Oedipus was born to King Laius and Queen Jocasta of Thebes. The King had been given a prophecy, by the Oracle of Apollo at Delphi, that his son would kill him and marry his mother and because of this prophecy they gave the infant to a shepherd. The shepherd that took him to the mountains of Kitharon and instead of just leaving him, he gave the infant to a shepherd of King Polybus and Queen Merope of Corinth. later in the play the shepherd said, “O master, I pitied it, and thought that I could send it off to another country and this man was from another country. (1645-1652) The King and Queen named him Oedipus, which meant ‘swell foot’, and raised him as their son. When he learned later in life that he was not their biological son he left Corinth and began the journey that would bring truth to the prophecy.
After learning of the prophecy Oedipus left Corinth and on his journey, he came to a place where three roads crossed. He became angry when a man in a carriage, who unknown to him was his father, harassed him. He killed the King and all but one of his servants and then headed to Thebes. Once there he answered the riddle of the Sphinx, restored Thebes, and married Jocasta, who he did not know was his mother. By the start of the play, he exhibited many of the characteristics of Aristotle’s description of a tragic hero. He was a noble king but also had his weaknesses. He created several errors in judgment, demonstrated excessive pride, and at the end his punishment exceeded his crimes.
Oedipus was a good king by being both caring and confident, but his main flaw was that he was stubborn. The people of Thebes both liked and respected him. The Priest said of him, “You came and by your coming saved our city.” (39) He was considered a wise man when he was able to answer the riddle of the Sphinx and become the King of Thebes. But, Oedipus also had his flaws, which included his excessive pride. He was often over confident in his own abilities. Oedipus believed that he could save Thebes and took quick action by having Creon send messengers to the gods at Delphi. When Creon told him that “The God commanded clearly: let someone punish with force this dead man’s murderers.” (126) When told the dead man was King Laius, he became determined that he could find the killer even if it was himself. At one point he compared himself to the gods when he said, “You pray to the gods? Let me grant your prayers.” (245)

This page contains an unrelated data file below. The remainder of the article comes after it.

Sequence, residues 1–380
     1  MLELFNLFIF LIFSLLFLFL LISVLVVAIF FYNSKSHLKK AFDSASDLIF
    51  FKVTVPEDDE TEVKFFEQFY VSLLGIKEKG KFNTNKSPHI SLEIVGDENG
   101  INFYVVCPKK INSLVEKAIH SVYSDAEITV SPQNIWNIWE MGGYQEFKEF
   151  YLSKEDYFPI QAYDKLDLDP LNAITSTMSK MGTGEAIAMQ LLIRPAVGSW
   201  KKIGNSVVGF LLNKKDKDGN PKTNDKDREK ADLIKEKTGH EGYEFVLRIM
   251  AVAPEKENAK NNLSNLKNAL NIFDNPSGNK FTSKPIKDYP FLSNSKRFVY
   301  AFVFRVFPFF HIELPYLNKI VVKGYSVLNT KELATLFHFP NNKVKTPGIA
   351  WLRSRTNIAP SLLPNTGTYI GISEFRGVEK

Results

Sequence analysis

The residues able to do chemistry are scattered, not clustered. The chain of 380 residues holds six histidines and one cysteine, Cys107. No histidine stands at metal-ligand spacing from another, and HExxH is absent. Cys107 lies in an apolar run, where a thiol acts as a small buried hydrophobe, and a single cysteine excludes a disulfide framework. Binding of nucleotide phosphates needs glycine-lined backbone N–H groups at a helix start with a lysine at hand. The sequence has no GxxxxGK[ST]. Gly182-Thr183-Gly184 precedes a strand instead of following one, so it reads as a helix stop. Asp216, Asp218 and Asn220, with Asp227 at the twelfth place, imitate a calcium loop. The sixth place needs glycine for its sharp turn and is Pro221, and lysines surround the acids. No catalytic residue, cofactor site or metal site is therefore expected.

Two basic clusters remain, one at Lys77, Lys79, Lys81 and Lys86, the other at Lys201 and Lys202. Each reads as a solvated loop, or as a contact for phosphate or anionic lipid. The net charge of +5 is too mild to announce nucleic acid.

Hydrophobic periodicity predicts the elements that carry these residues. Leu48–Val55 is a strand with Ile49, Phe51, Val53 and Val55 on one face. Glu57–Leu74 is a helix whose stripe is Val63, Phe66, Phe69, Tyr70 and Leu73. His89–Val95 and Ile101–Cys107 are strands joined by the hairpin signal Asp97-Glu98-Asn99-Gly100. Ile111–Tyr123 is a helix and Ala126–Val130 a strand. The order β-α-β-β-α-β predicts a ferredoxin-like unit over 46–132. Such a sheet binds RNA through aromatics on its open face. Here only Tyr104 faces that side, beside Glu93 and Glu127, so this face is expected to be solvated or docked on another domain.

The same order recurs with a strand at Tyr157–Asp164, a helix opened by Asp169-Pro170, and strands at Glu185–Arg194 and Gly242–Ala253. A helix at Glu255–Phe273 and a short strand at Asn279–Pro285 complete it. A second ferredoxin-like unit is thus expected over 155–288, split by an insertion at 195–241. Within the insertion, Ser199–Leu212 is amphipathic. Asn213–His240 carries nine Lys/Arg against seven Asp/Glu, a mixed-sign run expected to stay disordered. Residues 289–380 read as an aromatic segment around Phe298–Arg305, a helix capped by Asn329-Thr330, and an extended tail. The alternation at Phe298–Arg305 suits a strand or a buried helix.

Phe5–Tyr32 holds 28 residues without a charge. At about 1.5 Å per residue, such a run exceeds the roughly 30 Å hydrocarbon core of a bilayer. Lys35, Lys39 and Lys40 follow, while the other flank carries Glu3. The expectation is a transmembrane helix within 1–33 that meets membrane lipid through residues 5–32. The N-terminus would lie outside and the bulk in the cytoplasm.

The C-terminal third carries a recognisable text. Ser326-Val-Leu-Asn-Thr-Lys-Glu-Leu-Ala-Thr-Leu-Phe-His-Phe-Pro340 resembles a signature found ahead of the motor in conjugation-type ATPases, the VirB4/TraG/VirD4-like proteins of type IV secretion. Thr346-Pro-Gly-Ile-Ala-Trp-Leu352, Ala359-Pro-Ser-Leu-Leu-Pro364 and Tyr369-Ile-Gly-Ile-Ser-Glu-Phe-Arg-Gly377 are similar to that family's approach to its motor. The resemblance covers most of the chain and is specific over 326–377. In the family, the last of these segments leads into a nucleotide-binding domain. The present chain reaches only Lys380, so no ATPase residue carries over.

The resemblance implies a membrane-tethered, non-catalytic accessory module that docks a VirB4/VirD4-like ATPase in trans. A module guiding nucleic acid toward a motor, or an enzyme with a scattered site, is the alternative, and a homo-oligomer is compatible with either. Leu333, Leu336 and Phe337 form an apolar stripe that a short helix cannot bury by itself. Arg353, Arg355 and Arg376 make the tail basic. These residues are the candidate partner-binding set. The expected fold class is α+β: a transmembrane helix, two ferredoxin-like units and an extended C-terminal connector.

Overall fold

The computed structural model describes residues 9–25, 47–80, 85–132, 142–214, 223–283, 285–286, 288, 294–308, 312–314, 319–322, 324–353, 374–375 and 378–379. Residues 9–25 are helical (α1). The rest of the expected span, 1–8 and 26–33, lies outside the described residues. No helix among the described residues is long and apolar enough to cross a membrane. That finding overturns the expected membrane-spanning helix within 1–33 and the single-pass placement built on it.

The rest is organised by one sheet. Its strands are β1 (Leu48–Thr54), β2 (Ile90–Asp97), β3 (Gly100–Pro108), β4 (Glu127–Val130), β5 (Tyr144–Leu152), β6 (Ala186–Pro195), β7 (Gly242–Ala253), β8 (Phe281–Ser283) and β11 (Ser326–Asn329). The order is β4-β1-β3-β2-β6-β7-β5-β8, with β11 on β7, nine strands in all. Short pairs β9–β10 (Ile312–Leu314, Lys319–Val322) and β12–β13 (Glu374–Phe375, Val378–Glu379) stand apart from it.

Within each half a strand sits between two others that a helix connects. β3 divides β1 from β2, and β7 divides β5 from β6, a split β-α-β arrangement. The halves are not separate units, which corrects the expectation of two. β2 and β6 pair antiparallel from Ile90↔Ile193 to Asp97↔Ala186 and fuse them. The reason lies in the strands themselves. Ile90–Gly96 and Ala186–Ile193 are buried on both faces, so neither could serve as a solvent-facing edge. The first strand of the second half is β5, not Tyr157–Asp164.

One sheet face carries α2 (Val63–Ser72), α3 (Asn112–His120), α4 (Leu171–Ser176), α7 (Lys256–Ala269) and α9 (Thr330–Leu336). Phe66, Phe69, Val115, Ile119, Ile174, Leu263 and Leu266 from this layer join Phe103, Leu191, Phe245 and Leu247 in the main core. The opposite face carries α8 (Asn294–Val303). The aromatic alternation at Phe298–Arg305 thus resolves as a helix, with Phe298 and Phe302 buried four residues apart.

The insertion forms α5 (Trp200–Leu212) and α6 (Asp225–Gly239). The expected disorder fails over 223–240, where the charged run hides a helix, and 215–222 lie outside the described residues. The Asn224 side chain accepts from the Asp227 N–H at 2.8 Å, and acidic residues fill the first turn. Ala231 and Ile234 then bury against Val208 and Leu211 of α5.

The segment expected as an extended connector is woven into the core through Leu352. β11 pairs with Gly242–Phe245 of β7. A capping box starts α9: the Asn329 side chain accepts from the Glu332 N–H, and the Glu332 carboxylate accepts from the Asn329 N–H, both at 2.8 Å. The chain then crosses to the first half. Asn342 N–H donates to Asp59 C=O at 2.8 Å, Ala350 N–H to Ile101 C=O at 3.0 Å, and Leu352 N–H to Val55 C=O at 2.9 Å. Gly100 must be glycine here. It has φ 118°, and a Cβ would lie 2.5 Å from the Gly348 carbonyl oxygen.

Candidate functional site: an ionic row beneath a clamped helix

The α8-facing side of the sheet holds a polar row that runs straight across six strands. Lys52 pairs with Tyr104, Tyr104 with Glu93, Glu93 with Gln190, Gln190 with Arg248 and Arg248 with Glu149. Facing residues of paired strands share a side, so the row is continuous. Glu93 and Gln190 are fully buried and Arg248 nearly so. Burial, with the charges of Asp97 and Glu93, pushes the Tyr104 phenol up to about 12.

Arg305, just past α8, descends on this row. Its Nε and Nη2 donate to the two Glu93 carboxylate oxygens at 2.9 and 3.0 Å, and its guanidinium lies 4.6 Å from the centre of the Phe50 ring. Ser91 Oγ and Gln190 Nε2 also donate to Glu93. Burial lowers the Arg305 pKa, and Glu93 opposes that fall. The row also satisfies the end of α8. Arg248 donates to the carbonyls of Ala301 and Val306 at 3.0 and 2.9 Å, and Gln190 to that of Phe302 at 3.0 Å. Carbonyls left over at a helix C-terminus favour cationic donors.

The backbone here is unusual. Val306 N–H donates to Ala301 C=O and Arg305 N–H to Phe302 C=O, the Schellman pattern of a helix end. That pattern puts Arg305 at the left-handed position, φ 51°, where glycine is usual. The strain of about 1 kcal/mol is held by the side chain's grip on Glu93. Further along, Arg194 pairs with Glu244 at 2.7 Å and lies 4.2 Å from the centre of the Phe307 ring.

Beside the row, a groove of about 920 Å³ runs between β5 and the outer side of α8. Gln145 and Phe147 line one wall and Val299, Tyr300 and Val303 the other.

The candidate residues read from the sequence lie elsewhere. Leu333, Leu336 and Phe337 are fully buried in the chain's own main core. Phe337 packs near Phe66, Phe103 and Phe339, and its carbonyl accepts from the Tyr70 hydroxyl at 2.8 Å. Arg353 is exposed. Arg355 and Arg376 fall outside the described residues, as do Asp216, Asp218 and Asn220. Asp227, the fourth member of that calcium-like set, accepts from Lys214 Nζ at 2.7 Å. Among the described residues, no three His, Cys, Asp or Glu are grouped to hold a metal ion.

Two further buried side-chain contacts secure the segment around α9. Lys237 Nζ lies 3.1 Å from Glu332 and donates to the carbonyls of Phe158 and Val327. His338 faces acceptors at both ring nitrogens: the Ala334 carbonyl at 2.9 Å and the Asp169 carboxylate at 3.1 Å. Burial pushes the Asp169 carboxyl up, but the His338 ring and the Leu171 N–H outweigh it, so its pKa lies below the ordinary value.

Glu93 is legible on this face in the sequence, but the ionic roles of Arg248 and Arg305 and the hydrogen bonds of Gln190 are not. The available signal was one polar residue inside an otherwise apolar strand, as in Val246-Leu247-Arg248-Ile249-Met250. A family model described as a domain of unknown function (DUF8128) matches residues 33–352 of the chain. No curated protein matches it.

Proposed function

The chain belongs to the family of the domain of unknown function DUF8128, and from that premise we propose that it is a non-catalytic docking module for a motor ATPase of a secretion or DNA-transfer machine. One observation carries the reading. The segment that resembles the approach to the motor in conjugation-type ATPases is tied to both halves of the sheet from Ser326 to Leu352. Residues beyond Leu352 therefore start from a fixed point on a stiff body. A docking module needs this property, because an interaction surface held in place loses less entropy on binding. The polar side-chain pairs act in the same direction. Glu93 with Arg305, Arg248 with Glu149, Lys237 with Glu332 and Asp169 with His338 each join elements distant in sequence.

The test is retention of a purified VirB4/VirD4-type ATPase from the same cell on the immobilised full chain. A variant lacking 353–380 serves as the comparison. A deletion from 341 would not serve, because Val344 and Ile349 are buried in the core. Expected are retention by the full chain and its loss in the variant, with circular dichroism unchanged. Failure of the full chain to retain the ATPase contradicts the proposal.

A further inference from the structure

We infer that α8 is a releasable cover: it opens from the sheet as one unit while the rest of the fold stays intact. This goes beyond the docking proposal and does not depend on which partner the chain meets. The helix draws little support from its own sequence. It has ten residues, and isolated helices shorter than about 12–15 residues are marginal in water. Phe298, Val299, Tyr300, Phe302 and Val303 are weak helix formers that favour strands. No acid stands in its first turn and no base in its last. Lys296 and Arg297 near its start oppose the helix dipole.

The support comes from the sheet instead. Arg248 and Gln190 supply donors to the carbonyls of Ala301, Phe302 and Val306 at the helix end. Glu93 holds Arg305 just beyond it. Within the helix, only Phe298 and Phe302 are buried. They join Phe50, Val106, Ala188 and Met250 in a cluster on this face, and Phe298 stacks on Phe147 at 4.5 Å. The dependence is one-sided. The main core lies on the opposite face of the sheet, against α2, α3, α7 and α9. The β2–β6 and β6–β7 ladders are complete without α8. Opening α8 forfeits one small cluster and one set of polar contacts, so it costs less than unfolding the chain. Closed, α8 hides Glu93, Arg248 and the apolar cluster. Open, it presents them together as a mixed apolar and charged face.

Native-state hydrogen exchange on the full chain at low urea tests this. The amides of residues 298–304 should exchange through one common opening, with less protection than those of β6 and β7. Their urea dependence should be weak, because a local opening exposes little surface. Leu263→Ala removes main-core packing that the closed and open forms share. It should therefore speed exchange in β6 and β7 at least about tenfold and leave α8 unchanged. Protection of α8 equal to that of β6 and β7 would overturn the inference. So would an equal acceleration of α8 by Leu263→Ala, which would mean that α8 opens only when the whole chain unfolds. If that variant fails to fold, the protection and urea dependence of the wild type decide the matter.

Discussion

Oedipus made many errors in judgment, which led to his downfall. He was impulsive, angry and quick to jump to conclusions. When he discovered that King Polybus and Queen Merope were not his natural parents, he left the one place he would have been safe. He became angry at Theiresias and forced him to tell him what he knew. Theiresias said concerning the murderer of Laius, “He shall be proved father and brother both to his own children in his own house; to her that gave him birth, a son and husband both; a fellow sower in his father’s bed with that same father that he murdered.” (236-239) Oedipus told him not to return. He then became angry at Creon and when Creon ask if he would banish him Oedipus said “No, certainly; kill you, not banish you.” (726) Jocasta then begged him to “trust him in this, spare him for the sake of this his oath to God, for my sake, and the sake of those who stand here” (755-758) He then had her tell him the story of the death of Laius and what happened to their son. A messenger then arrived with news of the death of his father King Polybus. He then goes on to tell him that Polybus is not his father and that it would be safe for him to return. The messenger told him that he was an infant when he was given him. He then told him that “He was called Laius’ man.” (1186) After hearing the story Oedipus sent for the herdsman to try to verify to himself that he had not been the killer of King Laius. At this point it has become obvious that Oedipus is the son of King Laius and Queen Jocasta. The reader now has a degree of pity for him and a sadness for the circumstances of his life.